Monthly Archives: November 2008

Stop Picking on Boys!

I am so unbelievably sick of academic feminist organizations perpetually whining about their imagined assaults on girls in education.  A long time ago, The American Association of University Women once had me give a keynote speech at one of their luncheons.  I looked around the room of successful and powerful (mostly older) women, and wondered why they had to have a meeting to complain about how difficult it is for women to succeed…when we had a room chock full of women who had incredible accomplishments because of their efforts and sacrifices.

I didn’t get a standing ovation and never got invited back.

The truth interferes with the perpetual “we are victims” mentality of the feminist activists.  Here are the facts:

* 2/3 of all learning disability diagnoses are for boys
* 70 percent of all D’s and F’s go home with boys (they’re not challenged appropriately)
* 90% of school discipline referrals are for boys (it’s hard to make boys sit still)
* 80% of all Ritalin takers are boys (yeah…drug the little buggers into submission – a kind of psychological castration, I’ve always thought)
* 80% of school drop outs…are…boys!
* Fewer than 40% of college students are currently males (making it harder for girls to find a date)

Girls, in general, are surpassing boys in school in all subjects except math and science -  and that gap has been closing quickly

Other facts are that boys are more competitive, energetic, visual, physical, risk-taking and so on than are girls.  Boys need a different learning environment than girls.  The “girly”-oriented educational system in the United States demands that boys become like girls or be medicated.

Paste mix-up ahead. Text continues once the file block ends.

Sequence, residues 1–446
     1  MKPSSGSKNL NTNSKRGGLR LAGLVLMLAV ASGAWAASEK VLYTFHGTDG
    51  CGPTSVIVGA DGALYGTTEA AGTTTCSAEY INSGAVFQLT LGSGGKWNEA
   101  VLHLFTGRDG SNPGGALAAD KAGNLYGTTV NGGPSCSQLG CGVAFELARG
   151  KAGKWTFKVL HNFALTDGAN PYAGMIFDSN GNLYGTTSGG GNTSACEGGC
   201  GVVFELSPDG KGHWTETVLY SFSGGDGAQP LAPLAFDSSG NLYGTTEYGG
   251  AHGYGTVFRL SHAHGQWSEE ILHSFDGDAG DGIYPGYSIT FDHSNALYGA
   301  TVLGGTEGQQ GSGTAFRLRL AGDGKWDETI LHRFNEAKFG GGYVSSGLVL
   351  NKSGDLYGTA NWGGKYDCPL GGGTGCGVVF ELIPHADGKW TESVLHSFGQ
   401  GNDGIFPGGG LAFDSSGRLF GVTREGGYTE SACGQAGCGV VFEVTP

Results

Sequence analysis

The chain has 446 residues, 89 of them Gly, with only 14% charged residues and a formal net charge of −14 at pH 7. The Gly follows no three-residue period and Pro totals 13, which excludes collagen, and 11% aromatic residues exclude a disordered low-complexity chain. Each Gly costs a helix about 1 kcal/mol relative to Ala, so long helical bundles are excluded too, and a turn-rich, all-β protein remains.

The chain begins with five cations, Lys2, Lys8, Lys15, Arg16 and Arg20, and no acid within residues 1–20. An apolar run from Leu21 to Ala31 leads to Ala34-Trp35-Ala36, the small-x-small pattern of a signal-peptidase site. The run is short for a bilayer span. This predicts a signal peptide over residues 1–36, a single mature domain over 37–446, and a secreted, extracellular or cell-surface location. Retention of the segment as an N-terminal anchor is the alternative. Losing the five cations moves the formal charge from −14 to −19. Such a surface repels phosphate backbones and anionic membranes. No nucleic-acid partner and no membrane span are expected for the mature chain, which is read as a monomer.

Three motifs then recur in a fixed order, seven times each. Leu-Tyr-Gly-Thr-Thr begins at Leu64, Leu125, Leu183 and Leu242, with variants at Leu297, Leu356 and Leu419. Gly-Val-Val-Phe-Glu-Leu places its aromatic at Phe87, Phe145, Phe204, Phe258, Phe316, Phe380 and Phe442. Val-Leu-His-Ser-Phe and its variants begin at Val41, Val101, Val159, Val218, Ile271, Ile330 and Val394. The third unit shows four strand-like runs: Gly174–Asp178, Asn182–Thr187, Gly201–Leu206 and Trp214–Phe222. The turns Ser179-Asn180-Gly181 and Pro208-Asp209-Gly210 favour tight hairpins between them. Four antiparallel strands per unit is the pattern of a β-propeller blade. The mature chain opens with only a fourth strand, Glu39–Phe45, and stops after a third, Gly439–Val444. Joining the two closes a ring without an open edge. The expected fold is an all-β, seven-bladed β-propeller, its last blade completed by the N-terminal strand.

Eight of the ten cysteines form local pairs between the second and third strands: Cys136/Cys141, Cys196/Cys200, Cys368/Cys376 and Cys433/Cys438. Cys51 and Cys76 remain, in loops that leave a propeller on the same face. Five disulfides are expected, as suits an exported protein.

Boys need more physical movement in the curriculum.  They need recesses to work off that male energy, they appreciate reading more male-friendly subjects, they like projects, and they enjoy competing rather than cooperating and all getting the same grade.  Boys do better with male mentors, and boys need teachers with more of a sense of humor toward “boy antics” without punishment or demeaning reactions.

I believe boys and girls should have separate classrooms, curriculum, teaching styles, and completely different academic environments.

The beginning of the feminist attack on the educational process proclaimed that girls were being short-changed.  Maybe so…and, if so, maybe the best thing for girls is a girl-centered and oriented academic program.

Eat Less, Move More

There are two sure fire comments that I can make on the air which will get hackles way, way up.  The first is to say anything which even sounds remotely like a criticism of cats (for some reason it doesn’t work for dogs, chickens, pigs or parakeets…just cats) or comment that, for the most part, being fat is your own darn fault.  There’s even a fan site for my show called “We Love Dr. Laura” – which has a thread that goes wild whenever I take a “fat” call and give my opinion that by and large, being fat and unfit is a voluntary condition.

Let me give you an example: a woman called to tell me about her mean, mean, and oh so mean, husband who is trying to influence her to lose weight and start working out.  She just about had a fit on the phone, telling me that he should just love her the way she is…or he’s, simply, a bad guy.  Since when don’t we owe our families our healthiest selves: mind, body and soul?

When I didn’t agree with her, the harrumph resounded across the land.

I’ve basically told people who call about weight that it is ultimately a simple issue: “eat less, move more.”  That might not result in the kind of body they show off in all those home exercise equipment videos (by the way…does anybody believe you go from fat and flabby, to svelte and ripped exercising 20 minutes a day, three times a week?).  Nonetheless, you can evolve into a more healthy, fit, and attractive version of yourself.